John Pavlovitz walks a crowd of more than 600 through how to endure turbulence and how to stir it up
by Mike Ferguson | Presbyterian News Service
LOUISVILLE — Brought on stage by a powerful version of “I Want My Life to Make a Difference” by G. Phillip Shoultz, III, who provided music for the Association of Partners in Christian Education‘s annual event this week, keynoter John Pavlovitz continued his theme Friday of dealing with the turbulence in our lives. Along with more than 500 people attending in person in Birmingham, Alabama, and another 150 or so online, Pavlovitz is exploring Mark 4:35-41, an account of Jesus’ stilling a storm for terrified disciples accompanying him on a boat.
“The question for today is, can comfort only truly come through the turbulence?” Pavlovitz asked. “Is the shaking the path through which we become the peacemakers? Can we give thanks for terrible things?”
The injuries we suffer “define the kind of people we become, the work we do and the mark we leave,” Pavlovitz said. Two days after his father died nine years ago, Pavlovitz was sitting in a coffee shop with a friend. “I know this is almost unbearable for you,” his friend said, “but you will be able to minister to people suffering loss at a much deeper level.” That thought “irritated me a little, but she was right,” Pavlovitz said. “I began to write about it the next day. Even though I was a grief zombie, I was able to connect with thousands of people through the experience of losing. It allows you to transform your pain into purpose.”
During the conference, Pavlovitz has been discussing “the systemic ills we’re carrying,” and he fleshed that out on Friday. “We live and teach and minister in the tension between the peacemakers and the fear-givers, whom we see everywhere,” he said. “Racism and bigotry are not only individual afflictions; they’re collective ones.”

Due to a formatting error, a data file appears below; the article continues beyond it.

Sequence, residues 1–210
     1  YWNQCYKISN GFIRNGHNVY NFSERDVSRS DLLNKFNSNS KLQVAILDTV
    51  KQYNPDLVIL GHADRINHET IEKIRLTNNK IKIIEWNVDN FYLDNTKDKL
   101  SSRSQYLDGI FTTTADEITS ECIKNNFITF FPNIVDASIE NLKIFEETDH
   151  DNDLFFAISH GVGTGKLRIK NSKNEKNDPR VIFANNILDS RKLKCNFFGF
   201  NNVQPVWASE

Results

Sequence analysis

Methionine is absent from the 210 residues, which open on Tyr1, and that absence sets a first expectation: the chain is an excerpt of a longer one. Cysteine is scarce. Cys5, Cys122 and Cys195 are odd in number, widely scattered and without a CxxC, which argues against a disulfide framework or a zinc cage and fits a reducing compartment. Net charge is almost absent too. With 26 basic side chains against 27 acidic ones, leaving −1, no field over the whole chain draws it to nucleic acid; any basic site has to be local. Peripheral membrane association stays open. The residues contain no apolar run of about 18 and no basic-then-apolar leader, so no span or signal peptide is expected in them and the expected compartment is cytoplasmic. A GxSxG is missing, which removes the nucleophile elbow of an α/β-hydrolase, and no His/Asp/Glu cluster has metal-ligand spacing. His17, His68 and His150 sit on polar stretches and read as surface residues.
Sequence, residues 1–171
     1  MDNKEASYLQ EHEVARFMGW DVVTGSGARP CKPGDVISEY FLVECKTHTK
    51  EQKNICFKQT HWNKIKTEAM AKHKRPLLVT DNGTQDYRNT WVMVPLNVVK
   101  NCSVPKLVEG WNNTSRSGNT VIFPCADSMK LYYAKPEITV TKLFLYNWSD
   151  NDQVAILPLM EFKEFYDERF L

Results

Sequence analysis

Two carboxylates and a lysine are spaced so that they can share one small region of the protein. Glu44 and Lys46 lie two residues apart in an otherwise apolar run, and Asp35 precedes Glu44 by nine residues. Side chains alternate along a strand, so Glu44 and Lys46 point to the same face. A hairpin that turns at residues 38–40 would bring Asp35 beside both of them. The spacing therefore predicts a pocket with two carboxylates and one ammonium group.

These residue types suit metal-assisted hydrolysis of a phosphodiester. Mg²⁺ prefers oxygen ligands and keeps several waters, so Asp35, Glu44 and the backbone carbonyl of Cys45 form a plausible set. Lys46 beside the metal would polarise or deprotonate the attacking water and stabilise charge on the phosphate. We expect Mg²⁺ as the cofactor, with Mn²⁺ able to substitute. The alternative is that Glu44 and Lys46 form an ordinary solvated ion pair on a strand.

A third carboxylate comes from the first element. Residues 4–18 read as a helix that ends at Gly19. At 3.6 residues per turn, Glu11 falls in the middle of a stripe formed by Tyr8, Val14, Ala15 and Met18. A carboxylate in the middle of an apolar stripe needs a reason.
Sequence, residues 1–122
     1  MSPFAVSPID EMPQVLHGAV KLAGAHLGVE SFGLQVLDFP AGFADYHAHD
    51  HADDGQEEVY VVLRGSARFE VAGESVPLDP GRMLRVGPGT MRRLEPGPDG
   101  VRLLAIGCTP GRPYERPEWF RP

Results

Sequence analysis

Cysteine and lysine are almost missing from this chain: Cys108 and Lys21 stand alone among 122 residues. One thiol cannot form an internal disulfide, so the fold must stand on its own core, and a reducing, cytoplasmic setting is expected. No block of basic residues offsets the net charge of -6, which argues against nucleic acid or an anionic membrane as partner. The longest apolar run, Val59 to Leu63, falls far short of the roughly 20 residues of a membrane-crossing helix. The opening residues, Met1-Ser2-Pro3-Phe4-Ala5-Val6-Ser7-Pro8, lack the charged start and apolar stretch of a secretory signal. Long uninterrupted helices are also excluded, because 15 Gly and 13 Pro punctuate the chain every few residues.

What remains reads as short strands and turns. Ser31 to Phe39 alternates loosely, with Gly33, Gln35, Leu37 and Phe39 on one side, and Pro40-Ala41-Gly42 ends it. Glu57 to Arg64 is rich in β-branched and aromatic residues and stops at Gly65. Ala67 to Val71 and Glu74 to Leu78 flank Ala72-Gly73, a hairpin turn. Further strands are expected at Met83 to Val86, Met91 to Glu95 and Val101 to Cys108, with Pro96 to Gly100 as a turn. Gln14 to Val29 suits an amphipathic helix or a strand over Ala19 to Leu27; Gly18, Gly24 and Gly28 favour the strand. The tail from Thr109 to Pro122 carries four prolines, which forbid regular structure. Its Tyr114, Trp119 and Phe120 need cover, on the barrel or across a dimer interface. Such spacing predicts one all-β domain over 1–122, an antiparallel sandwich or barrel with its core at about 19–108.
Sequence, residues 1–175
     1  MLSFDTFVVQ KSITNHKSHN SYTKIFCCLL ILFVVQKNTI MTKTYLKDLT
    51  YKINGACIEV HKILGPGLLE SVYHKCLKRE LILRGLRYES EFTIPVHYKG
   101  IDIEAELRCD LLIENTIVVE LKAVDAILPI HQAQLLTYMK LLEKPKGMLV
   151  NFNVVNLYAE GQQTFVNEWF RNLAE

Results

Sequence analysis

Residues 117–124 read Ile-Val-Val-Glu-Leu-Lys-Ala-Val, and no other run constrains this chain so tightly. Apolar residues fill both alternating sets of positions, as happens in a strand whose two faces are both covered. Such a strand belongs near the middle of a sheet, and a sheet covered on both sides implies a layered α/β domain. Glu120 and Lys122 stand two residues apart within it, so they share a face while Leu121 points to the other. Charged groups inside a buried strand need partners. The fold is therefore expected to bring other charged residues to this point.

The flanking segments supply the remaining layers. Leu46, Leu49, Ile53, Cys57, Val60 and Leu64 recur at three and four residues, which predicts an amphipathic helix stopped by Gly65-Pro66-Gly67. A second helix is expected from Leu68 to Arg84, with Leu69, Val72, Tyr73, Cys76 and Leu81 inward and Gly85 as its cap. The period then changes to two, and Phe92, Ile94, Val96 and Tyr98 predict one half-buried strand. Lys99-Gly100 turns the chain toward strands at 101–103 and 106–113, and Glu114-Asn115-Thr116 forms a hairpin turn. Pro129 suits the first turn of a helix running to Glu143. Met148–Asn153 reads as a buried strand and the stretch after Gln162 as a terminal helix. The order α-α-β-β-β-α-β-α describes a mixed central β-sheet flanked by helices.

“This is about your ability [as pastors and Christian educators] to show up in the storms of other human beings as the educators of faith. That is the single most pressing lesson plan,” he said.
“A truth I want us to acknowledge today is that privilege of any kind is a fear insulator,” Pavlovitz said. As a white cisgender straight man, “I will never experience … the severity of the fears my LGBTQ friends have experienced. Empathy is the voice that says, ‘We are not free until we are all free.’”
Pavlovitz recounted some of his own story in the role he labeled “Super Christian Mega Pastor Man” and the pain of being fired from one ministry position after serving only a few months. “Authenticity and specificity were not things they really wanted at that church,” he said.
While he found himself in tears that first Sunday without responsibilities leading worship, “I then felt a lightness and a joy. For the first time in 17 years, I didn’t have a church community. I could stay home! I was free of the expectations of a community of people. I like to say I was given the gift to be able to ask everything and say anything.”
He started to write “clearly and specifically what I felt,” and soon was a guest on CNN. Below his face was this identifier: “John Pavlovitz, Pastor.”
“It could have said, ‘John Pavlovitz, Unemployed and Currently Despondent,” he said.
“Friends, I’m not advocating for you to jeopardize your career or your livelihood. But you may need to become the turbulence in order to bring peace to others,” he said. “This is the way of Jesus.”
“We are called to speak these days with a clarity and specificity that we maybe haven’t always had,” he said. “But we are known as the nice church,” a woman once told him. “I said, ‘Are there other kinds of churches I’m not aware of? Hi, we’re the distant and cold community.’ I said, ‘Nice is nice, but maybe you could try being Christlike. The Jesus you name and love, he was always loving but he wasn’t always nice.’ The reason he spoke with ferocity is he loved humanity enough to suffer on behalf of it.”
“People doing this work never say, ‘Could you be nicer?’ They usually say, ‘Why are people of faith so silent right now?’”
“In these days of great shaking, we may need to become turbulence to others, to those who exclude others based on an unchangeable part of who they are,” Pavlovitz said. “With our hands and voices and resources and platforms, we have to risk becoming the turbulence to the powerful and the privileged.”
“In the face of so much fear, we are called … to say something that is going to disturb somebody we want to have peace with,” he said. “I’m not praying for you to be fired. I’m praying for you to be fired up. May we be the kind of courageous people who will bring peace to those being shaken. Amen?”
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